By Dan Whitcomb

(Reuters) - Tropical Storm Ana, churning in the Pacific Ocean, was forecast to become a hurricane bearing 90-mile-per-hour (145-kph) winds as early as Tuesday night, forecasters said, and was on a track that could see it bearing down on Hawaii later this week.

If so, Ana would be the first hurricane to hit Hawaii since Iniki in 1992, although National Weather Service forecasters said it was still too early to predict that it would make landfall on the archipelago.

"Right now the forecast track has it passing just over the southern end of the Big Island, but it's early yet; there are a lot of scenarios," National Weather Service forecaster Kevin Kodama said.

"It could pass right over state, it could move to south or it could move to the north," Kodama said. "The main thing we're trying to get across right now is preparedness."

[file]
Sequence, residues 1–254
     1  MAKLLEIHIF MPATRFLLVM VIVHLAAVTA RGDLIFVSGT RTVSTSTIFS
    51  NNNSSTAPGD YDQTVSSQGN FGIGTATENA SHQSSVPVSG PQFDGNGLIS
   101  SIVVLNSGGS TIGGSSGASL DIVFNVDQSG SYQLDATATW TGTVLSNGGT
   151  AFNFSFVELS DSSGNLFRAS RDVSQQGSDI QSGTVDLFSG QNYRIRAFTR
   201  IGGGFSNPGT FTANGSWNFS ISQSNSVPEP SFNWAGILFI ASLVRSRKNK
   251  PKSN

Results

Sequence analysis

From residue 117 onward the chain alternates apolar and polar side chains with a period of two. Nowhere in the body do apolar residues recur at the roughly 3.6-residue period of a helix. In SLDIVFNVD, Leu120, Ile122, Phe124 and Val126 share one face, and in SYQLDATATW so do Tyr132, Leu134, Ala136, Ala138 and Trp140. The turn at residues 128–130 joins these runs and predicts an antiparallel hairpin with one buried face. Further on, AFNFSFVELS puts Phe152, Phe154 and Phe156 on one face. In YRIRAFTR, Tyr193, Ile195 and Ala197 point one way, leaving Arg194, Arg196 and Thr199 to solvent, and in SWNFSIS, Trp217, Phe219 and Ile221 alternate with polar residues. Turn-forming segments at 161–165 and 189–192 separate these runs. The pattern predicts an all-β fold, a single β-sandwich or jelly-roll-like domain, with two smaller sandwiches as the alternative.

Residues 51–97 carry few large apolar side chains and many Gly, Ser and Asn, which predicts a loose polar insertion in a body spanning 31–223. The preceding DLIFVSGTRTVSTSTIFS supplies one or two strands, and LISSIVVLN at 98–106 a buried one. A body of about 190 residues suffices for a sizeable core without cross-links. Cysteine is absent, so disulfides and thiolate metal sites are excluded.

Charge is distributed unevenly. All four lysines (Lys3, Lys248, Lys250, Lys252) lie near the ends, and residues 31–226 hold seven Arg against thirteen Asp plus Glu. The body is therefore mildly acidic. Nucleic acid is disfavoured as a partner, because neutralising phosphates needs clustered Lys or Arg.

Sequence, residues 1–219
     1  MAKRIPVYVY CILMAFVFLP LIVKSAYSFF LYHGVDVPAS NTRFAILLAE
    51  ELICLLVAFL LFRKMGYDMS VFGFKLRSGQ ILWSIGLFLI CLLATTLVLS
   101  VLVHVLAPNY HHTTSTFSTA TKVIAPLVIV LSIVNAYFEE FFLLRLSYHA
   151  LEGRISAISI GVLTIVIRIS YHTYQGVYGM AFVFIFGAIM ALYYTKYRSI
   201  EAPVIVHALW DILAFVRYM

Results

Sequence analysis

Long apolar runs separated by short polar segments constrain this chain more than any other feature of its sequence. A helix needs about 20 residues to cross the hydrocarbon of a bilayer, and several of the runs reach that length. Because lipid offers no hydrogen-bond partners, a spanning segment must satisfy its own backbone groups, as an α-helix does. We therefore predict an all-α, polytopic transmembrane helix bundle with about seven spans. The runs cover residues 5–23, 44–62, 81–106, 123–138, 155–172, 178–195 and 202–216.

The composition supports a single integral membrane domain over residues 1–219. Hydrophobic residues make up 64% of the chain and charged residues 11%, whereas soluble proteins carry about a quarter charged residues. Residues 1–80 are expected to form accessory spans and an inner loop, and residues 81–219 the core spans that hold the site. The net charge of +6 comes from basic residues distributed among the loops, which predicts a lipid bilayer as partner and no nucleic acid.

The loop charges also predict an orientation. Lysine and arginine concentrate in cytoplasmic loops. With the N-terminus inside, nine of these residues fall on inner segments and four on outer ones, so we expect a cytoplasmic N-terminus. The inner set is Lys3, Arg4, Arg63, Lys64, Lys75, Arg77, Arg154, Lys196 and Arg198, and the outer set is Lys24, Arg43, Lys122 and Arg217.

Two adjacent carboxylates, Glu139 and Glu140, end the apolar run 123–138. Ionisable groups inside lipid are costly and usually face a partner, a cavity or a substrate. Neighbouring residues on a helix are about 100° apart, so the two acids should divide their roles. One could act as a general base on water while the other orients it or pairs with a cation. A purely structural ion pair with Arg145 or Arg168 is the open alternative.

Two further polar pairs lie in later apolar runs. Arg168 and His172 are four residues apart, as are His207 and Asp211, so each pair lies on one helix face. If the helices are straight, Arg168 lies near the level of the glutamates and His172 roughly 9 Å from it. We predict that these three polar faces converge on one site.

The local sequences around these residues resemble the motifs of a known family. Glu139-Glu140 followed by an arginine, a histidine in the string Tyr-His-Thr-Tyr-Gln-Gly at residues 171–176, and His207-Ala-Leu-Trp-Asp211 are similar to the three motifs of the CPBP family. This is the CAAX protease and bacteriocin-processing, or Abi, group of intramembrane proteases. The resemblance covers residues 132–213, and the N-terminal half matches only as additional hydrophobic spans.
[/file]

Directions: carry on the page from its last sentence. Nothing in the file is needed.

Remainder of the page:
Kodama said forecast models predicted that Ana could strengthen into a Category 1 hurricane by Tuesday night, bearing maximum sustained winds of 90 miles per hour. He called such a storm "a pretty significant system."

If Ana remains on a track to hit Hawaii it could make landfall by Saturday morning.

Residents were being advised to stockpile food and potable water and to make sure they had an evacuation plan if necessary.

"At this point the best we can do is monitor the situation because we still don't know what, if any, impacts there will be on our island," said John Cummings, public information officer for Honolulu's Department of Emergency Management.

In August, Tropical Storm Iselle pummeled the Hawaiian Islands with high winds and heavy rain, forcing hundreds of people to seek shelter and knocking out power to over 20,000 residents.

A second storm tracking right behind, Julio, passed hundreds of miles north of Hawaii despite fears that it could wreak havoc on the island chain.

Hurricane Iniki lashed the island of Kauai in September 1992, bringing winds of more than 140 miles per hour (225 kph), killing six people and causing estimated damages of $2.4 billion.

Before that, the last recorded hurricane to hit Hawaii was the Kohala Cyclone in 1871.


(Reporting by Dan Whitcomb; Editing by Eric Walsh)